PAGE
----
Back in April, I posted a comment about the Earliest-Deadline-First (EDF) scheduling discipline that was not fully accurate. I had commented that the original, overly-simplified explanations of EDF claimed that task sets would be `feasible', even though the explanations did not include any accounting for context switching.
Sanjoy, a Theoretician here in my department, corrected my assertions, saying
It can be shown [...] that an edf schedule on n jobs will have <= 2n-1 context switches, rather than oodles. In analyzing a system, this context-switch overhead is accounted for by "inflating" (in the analysis) the execution requirement parameters of each job by the amount of time taken to perform 2 context switches.Of course, he's right. He's published several important papers in the Real-Time area and knows it all far better than I do.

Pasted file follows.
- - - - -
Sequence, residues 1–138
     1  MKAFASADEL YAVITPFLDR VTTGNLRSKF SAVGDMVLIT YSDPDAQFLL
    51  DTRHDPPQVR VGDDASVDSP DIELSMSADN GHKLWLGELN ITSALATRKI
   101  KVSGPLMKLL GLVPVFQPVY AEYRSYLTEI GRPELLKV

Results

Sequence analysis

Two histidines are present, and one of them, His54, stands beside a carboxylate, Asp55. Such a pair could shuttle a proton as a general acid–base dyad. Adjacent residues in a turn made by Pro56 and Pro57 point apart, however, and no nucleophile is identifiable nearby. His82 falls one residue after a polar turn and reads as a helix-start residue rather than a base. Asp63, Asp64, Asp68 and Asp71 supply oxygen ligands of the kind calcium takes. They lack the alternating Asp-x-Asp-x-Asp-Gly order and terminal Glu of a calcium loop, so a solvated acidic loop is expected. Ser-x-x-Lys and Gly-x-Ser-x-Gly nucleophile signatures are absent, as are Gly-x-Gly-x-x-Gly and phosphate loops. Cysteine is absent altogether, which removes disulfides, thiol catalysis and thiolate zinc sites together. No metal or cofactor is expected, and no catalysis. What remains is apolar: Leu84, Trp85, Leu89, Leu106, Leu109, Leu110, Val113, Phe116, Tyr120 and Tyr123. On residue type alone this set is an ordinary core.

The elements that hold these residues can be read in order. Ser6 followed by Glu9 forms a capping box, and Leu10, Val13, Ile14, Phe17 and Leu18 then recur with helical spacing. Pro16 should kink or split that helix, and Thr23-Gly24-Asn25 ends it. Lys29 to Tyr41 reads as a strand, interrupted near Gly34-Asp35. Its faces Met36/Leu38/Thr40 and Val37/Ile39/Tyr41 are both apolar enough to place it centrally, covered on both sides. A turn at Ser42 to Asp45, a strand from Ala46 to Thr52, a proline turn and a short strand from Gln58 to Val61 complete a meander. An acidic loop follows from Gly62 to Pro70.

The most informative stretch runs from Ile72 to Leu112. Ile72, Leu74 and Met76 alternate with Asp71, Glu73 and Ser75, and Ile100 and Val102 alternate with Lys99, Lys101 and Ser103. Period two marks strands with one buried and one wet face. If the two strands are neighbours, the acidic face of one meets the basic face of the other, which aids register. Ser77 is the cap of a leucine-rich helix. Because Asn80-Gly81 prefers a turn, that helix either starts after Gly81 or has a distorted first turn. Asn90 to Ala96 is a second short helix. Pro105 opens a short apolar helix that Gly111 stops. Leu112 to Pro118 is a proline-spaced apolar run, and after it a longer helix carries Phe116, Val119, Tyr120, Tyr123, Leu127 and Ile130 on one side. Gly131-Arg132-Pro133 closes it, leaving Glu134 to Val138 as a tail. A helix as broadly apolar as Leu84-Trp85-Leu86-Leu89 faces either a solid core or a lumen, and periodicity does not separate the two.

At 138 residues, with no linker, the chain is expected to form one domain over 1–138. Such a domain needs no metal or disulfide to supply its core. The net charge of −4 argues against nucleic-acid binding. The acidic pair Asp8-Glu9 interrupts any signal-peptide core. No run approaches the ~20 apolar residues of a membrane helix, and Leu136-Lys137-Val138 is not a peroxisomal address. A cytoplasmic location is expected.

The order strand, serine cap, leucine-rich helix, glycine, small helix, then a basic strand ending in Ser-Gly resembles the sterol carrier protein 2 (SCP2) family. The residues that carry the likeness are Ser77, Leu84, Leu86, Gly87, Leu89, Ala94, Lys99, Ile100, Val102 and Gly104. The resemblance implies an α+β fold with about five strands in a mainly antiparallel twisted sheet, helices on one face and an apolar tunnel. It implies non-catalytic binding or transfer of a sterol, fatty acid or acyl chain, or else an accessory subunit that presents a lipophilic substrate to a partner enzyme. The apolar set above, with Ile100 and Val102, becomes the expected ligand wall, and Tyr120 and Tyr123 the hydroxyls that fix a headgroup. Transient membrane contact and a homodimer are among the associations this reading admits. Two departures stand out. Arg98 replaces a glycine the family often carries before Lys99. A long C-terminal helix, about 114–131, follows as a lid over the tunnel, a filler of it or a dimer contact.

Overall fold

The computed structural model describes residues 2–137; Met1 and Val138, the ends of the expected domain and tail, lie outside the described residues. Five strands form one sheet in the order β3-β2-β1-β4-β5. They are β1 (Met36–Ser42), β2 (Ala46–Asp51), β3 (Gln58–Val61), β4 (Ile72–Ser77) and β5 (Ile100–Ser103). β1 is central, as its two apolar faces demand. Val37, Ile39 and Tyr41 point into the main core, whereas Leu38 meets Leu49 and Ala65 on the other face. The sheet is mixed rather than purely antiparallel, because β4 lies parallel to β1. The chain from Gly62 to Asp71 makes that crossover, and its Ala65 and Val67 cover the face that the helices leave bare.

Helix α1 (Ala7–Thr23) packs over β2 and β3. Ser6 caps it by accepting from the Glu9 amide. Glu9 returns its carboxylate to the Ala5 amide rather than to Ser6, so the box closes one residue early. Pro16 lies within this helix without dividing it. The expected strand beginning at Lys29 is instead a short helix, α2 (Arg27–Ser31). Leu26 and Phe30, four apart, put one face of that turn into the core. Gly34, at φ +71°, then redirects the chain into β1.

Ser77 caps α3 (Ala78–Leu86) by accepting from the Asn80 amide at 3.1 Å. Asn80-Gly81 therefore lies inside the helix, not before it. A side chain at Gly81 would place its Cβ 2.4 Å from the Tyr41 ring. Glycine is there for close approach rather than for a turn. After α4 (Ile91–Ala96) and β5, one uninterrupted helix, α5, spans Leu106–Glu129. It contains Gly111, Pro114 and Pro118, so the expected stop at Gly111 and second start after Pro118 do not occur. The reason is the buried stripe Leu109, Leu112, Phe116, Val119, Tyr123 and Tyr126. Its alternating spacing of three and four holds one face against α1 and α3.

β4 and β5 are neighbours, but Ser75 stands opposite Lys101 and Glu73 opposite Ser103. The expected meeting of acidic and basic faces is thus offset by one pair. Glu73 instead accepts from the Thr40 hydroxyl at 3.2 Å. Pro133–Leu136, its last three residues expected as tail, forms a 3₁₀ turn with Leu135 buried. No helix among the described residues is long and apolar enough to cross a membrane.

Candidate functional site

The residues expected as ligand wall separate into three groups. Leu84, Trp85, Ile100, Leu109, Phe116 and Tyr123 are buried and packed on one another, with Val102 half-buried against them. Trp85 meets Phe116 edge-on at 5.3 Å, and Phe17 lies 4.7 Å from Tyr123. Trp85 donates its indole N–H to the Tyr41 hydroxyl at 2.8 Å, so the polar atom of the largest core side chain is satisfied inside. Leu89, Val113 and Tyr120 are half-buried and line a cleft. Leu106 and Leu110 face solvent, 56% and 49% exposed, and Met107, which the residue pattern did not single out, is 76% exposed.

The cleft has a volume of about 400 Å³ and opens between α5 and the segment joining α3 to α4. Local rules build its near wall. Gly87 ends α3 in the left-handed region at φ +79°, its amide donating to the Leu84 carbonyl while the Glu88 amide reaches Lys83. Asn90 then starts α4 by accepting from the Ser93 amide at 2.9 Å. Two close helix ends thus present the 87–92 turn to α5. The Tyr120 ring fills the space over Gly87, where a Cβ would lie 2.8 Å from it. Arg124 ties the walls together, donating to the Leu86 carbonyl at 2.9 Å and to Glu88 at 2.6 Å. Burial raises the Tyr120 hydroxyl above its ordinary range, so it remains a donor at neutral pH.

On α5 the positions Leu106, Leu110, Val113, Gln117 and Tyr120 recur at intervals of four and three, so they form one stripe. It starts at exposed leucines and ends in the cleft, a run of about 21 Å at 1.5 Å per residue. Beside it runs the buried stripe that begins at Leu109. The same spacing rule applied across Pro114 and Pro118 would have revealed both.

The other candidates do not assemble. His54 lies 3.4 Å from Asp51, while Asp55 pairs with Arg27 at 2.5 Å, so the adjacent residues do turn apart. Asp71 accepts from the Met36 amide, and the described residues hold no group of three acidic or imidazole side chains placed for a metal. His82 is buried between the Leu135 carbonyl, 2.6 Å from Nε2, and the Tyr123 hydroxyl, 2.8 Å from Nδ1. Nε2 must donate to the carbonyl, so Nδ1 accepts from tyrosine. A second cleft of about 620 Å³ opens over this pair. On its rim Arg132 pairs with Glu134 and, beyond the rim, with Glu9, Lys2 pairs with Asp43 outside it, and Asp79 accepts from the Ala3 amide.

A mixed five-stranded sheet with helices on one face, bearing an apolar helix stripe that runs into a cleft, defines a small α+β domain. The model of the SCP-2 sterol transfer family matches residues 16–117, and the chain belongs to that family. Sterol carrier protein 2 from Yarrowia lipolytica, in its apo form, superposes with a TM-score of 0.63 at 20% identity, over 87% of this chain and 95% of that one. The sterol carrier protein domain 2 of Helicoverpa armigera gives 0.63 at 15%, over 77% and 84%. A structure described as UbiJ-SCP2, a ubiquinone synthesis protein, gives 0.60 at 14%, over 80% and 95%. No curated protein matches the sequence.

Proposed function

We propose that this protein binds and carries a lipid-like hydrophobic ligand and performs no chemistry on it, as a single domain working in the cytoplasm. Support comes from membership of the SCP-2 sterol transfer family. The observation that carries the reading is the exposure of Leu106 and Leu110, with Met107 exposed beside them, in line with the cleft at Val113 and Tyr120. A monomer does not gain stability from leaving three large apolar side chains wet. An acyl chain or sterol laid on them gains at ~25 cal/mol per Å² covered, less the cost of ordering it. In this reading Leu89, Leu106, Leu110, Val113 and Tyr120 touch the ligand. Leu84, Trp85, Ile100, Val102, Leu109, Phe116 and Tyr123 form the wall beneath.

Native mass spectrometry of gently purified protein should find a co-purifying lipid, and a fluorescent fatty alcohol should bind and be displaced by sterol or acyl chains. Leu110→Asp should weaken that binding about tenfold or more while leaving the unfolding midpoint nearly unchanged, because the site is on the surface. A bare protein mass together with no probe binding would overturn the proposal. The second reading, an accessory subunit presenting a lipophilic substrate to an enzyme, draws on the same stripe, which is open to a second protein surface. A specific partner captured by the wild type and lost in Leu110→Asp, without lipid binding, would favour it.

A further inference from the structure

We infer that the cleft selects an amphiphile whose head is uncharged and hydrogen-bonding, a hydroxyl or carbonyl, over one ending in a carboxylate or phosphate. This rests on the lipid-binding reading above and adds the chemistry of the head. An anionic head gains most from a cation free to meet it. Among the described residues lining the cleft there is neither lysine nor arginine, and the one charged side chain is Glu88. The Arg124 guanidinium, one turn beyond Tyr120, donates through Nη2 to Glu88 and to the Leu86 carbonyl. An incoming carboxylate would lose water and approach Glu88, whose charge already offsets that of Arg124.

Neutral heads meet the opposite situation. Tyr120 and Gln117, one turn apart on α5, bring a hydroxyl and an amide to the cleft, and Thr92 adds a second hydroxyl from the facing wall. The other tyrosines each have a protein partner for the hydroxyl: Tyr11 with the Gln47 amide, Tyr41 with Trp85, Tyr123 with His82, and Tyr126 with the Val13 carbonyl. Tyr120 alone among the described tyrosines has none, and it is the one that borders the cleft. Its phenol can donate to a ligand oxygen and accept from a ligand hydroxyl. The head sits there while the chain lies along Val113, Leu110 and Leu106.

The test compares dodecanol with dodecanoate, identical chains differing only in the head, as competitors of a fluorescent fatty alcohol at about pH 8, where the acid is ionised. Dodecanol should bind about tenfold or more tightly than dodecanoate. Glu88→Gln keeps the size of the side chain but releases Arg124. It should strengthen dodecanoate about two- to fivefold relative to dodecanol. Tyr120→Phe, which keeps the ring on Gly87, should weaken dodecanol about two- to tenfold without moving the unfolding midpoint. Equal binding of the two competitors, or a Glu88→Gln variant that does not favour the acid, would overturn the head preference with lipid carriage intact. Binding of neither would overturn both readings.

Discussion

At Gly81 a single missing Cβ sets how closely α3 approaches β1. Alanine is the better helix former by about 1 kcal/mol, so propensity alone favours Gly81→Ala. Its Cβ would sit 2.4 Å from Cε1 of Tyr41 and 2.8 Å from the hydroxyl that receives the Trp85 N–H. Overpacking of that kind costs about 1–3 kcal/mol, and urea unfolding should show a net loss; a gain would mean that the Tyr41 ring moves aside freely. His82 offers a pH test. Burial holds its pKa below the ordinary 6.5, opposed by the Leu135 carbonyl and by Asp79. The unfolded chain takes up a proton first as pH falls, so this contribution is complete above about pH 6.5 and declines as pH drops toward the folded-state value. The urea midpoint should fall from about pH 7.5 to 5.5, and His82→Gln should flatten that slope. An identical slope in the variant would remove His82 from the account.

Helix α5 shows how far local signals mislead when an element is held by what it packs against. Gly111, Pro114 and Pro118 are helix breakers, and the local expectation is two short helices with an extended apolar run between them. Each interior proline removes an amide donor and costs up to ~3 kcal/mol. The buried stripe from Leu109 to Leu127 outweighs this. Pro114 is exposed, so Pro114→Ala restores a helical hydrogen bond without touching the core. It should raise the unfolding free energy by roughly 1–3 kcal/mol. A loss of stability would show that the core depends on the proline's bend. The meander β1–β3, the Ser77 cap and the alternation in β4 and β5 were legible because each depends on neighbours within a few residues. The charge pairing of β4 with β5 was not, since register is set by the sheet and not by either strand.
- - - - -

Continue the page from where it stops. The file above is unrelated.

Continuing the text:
In retrospect, I was really commenting on the methodology of the proof more than on EDF per se; the original proofs of EDF's optimality (from Liu and Layland) do not account for context-switching cost. As such, I found the proofs unconvincing -- at least for practicable definitions of feasible.